At the intersection of Arts + Neighborhoods

How can art change your neighborhood for the better?  In January, ArtsWave asked this question of community development organizations for the five neighborhoods in LISC (Local Initiatives Support Corporation) Greater Cincinnati and Northern Kentucky’s Place Matters program. Their answers led to a new ArtsWave strategic initiative that helps leverage the power of the arts to create community.

Each Place Matters neighborhood has established its own goals for community development.  Goals range from bringing diverse residents together in Price Hill, to connecting youth to cultural heritage in Avondale.  When presented with the opportunity to use the arts to help achieve these goals, community organizers saw great potential.

“We typically think of the arts in terms of enrichment and self-expression, but they are also a great tool for building community,” says Pamela Taylor, Community Outreach Coordinator, Price Hill Will.  “We’re so excited to have this opportunity to bring together diverse populations in East, West and Lower Price Hill, building cohesion through the shared experience of watching and participating in live performances.”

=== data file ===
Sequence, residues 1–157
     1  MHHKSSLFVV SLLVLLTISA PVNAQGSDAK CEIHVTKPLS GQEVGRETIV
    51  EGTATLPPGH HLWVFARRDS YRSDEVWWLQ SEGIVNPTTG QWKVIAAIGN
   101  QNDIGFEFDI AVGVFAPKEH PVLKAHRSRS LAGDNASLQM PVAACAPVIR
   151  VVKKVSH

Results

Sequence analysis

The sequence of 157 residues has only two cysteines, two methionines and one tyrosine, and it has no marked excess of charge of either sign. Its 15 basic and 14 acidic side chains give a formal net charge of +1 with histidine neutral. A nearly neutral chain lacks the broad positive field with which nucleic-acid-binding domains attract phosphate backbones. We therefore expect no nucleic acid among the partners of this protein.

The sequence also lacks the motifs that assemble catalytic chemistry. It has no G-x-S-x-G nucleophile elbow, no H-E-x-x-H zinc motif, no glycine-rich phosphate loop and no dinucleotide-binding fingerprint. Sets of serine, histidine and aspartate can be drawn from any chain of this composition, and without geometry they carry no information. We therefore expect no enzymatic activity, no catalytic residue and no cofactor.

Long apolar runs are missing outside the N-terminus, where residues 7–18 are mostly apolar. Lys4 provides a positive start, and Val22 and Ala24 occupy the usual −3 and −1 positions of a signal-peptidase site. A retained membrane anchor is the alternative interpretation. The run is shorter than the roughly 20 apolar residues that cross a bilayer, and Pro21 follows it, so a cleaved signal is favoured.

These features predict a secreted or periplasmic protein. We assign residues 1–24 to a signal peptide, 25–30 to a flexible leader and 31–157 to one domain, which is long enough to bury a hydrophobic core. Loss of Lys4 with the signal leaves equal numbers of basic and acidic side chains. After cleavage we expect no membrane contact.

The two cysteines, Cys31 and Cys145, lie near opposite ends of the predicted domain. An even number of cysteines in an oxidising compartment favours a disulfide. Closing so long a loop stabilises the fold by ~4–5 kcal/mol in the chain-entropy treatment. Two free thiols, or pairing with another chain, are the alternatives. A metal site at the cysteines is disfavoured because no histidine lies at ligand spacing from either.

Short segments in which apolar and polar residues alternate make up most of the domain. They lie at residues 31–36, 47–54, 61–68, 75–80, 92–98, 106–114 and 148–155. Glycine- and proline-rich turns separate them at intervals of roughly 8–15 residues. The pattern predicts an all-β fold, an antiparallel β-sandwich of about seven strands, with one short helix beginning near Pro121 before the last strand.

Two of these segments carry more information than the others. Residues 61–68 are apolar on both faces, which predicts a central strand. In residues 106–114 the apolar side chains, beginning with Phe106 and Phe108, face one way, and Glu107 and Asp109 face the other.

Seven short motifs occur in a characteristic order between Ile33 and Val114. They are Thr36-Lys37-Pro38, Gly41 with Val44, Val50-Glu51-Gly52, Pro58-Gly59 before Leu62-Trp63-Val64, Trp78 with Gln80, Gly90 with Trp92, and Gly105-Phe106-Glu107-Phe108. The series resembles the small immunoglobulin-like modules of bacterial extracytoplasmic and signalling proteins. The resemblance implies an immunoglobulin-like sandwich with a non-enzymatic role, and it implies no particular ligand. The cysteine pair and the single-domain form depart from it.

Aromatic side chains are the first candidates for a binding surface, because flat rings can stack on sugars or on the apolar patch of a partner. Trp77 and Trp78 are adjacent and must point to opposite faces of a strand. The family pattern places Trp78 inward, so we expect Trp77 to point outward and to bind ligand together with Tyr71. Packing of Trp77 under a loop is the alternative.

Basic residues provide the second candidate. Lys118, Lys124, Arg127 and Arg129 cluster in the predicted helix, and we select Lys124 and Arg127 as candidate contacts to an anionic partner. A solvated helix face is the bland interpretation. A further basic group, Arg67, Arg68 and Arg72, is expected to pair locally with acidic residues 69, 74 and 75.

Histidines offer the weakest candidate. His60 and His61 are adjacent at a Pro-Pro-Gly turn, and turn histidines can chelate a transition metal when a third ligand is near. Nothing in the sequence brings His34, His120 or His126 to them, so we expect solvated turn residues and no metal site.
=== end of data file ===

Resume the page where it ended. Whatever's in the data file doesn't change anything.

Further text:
In May, ArtsWave awarded $45,000 in grants to LISC’s designated community revitalization organizations in Avondale, Covington, Madisonville, Price Hill, and Walnut Hills.  Each Place Matters neighborhood will use the funds to contract with arts organizations supported by ArtsWave or to support activities that include community-building arts programs. Grant projects also involve local community partners such as United Way of Greater Cincinnati, Urban League of Cincinnati, schools, and business associations.  

Several groups used funds this summer to create fun events that helped to build neighborhood identity.  Price Hill Will presented Shakespeare in the Park in three local parks.  The “We Are Walnut Hills” festival brought residents of all ages together for dancing, face-painting and community conversation.  More activities are scheduled through 2015 including Cincinnati Opera performances in a historic Covington cemetery, the continuing transformation of an alley into a community gathering space in Walnut Hills, and classes in African cooking and culture in Avondale

Want to see this ArtsWave strategy in action? The Cincinnati Jazz and BBQ Festival was on Saturday, October 4 from 3 to 8 p.m. in the heart of the Madisonville business district at Madison and Whetsel. This new festival launched by the Madisonville Community Urban Redevelopment Corporation is supported in part by the ArtsWave and LISC partnership.